The following question was asked by Joobly-Goop (not his real name) at a recent TechNet Event, in the context of our doing a Boot-From-VHD configuration and then dual-booting into the Operating System that was in the Virtual Hard Disk (.VHD) file…
I certainly understand your confusion, J.G. (May I call you J.G.?) If I’m running an operating system from within a VHD file, which is the file representing hard disks used in Hyper-V based virtual machines, then it might make sense to assume that Hyper-V is involved in some way. But actually, it’s not.
VHD files are really just a standard file format that represent a container of sorts. It represents a disk. And if that “disk” is formatted and populated, it contains a file system.
“You mean.. like a hard disk can contain a file system?”
Bingo. So if I can boot and run an operating system from my mounted (and that’s the important part) hard disk, which is a container for files of an operating system, then maybe I could also mount (see?) a VHD file in such a way that the computer sees it as a hard disk containing a file system and a bootable, runnable operating system. That’s why we talked about the requirement of having the proper “boot loader” available to you. Windows Vista, Windows Server 2008 and newer operating systems boot and run from a boot loader that supports treating a VHD file as a mountable disk with a runnable operating system, so that you can run that operating system right on the physical hardware.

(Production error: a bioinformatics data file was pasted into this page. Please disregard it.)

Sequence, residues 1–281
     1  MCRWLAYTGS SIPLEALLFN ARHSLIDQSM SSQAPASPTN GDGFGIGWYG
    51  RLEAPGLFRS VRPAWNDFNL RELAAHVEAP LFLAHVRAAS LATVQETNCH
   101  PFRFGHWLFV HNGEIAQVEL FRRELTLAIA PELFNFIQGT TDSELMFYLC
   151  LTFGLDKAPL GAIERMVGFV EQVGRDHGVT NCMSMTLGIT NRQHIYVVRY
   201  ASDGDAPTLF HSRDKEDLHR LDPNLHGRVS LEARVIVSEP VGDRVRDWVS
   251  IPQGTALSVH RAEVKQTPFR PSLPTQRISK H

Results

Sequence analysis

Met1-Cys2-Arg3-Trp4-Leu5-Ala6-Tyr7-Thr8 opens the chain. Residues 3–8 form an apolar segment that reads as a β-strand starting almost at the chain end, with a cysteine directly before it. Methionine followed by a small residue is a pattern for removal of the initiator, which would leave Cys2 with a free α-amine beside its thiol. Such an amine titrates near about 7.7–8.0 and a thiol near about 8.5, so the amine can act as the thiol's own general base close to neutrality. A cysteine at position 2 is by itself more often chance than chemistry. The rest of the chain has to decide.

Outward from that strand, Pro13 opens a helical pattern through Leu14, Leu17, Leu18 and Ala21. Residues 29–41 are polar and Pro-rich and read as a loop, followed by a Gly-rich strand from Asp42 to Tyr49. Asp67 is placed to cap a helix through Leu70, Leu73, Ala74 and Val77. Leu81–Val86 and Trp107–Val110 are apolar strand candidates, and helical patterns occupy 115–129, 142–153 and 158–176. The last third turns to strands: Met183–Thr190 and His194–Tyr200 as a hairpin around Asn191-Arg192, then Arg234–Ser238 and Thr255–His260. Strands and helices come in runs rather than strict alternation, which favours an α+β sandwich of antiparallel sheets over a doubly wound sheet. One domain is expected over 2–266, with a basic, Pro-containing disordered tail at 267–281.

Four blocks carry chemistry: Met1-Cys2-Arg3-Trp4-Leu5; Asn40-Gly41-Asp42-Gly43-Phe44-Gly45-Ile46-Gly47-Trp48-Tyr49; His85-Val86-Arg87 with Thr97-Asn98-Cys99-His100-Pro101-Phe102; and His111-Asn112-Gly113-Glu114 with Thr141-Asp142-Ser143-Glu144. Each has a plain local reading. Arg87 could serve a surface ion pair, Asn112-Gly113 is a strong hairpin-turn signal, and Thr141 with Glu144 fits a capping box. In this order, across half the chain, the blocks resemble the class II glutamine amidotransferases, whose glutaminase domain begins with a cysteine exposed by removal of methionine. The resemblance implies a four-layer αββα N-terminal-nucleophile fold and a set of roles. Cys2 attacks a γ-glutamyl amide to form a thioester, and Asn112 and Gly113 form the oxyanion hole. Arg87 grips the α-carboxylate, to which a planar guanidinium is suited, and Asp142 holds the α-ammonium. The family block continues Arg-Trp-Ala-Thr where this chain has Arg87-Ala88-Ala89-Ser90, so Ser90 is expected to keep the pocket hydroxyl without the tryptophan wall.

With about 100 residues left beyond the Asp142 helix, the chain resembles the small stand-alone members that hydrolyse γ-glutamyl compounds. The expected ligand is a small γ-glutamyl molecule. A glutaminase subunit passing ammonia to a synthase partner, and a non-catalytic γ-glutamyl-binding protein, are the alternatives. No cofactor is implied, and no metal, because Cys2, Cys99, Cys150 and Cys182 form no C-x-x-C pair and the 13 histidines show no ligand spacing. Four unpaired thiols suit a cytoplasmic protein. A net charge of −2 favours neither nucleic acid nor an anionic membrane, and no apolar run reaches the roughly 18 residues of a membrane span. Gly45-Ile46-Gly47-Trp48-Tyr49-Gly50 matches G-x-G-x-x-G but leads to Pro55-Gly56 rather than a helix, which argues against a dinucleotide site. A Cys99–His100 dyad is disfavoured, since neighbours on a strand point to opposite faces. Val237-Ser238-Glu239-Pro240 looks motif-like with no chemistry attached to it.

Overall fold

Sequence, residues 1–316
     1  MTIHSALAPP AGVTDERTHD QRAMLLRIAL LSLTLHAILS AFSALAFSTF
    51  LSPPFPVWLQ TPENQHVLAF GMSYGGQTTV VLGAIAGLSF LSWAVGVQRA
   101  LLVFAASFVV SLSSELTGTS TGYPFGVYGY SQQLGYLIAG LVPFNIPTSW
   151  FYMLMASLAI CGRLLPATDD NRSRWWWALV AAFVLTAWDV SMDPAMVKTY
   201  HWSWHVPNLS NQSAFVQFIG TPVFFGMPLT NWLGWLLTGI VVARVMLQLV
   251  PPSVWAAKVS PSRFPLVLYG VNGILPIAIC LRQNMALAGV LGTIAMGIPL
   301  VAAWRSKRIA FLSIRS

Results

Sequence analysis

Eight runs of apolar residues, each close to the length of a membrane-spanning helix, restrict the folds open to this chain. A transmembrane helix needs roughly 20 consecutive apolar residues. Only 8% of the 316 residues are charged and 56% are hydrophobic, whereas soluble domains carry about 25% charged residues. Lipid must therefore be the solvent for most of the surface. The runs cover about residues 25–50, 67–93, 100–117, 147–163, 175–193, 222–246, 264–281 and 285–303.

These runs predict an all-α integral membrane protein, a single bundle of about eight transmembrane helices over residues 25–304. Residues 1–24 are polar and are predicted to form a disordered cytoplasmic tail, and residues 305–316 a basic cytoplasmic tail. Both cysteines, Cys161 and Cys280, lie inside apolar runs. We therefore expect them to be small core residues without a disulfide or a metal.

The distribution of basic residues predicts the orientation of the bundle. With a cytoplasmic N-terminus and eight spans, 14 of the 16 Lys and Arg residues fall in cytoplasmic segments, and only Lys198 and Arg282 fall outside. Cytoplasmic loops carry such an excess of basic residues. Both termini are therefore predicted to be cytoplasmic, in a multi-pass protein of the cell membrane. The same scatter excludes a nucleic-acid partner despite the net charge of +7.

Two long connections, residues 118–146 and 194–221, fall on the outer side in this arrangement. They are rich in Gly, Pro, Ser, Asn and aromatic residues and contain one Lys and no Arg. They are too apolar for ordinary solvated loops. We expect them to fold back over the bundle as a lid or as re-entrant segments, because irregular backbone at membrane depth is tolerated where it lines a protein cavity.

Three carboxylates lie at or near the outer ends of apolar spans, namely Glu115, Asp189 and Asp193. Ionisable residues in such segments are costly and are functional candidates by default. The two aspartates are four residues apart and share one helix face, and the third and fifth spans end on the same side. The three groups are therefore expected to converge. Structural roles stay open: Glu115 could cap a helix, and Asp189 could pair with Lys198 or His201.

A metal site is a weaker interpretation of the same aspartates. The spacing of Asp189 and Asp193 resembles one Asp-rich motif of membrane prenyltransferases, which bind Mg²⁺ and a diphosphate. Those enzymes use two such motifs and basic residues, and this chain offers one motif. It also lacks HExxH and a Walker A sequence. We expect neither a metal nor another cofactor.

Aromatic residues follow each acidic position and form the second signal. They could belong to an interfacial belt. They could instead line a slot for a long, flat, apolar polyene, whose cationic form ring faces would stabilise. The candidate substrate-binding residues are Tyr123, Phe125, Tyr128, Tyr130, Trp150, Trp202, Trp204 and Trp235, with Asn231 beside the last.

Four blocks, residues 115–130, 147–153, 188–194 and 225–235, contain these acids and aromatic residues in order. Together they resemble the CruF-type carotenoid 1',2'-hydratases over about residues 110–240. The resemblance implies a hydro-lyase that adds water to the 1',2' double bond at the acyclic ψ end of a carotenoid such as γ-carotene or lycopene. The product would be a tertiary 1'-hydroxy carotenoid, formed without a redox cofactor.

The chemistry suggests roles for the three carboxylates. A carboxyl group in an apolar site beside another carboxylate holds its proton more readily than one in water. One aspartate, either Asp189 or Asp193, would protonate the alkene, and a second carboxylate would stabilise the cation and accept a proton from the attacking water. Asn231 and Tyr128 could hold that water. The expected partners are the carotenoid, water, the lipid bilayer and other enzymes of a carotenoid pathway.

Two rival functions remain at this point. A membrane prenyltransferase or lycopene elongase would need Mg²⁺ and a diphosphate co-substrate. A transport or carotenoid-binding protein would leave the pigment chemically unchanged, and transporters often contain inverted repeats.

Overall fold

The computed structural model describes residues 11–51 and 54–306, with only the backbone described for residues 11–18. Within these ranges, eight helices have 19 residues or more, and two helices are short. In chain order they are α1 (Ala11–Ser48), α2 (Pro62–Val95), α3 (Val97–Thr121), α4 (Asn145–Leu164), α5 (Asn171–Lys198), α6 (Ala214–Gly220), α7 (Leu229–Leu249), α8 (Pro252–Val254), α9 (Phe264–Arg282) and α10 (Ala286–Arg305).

“Why would you want to do that, Kevin?”
Think about the flexibility this provides. I can modify the boot loader (or let the operating system installation do that modification for me) to add another boot option that is really just a file (.VHD) on my hard disk. I can use it on my physical machine. And when I’m done, I just remove that entry from the boot-loader; all without disturbing any other operating system install (physical or .VHD based).
And what about using this capability to support quick deployments? If I can deploy an operating system to a bare-metal machine that doesn’t yet have an operating system simply by scripting the configuring a boot loader and copying a .VHD file to it.. that’s a pretty quick deployment. And that is exactly what Virtual Machine Manager in System Center 2012 is doing when it supports deploying .VHD files containing Microsoft Hyper-V Server for you when you take advantage of bare-metal deployment for new virtualization hosts.
Fun Fact: This capability was originally created to support the quick deployment of operating systems and virtualization onto the millions of physical servers that support Windows Azure.
So to summarize my answer to your question J.G…
Required: A Boot-loader that supports it
Required: VHD file that has a bootable operating system inside of it
NOT Required: Hyper-V.
For those of you interested in learning more about Boot-From-VHD, how it works and how to configure it, check out these further resources:
Understanding Virtual Hard Disks with Native Boot
“How to Boot from a VHD” TechNet Wiki Article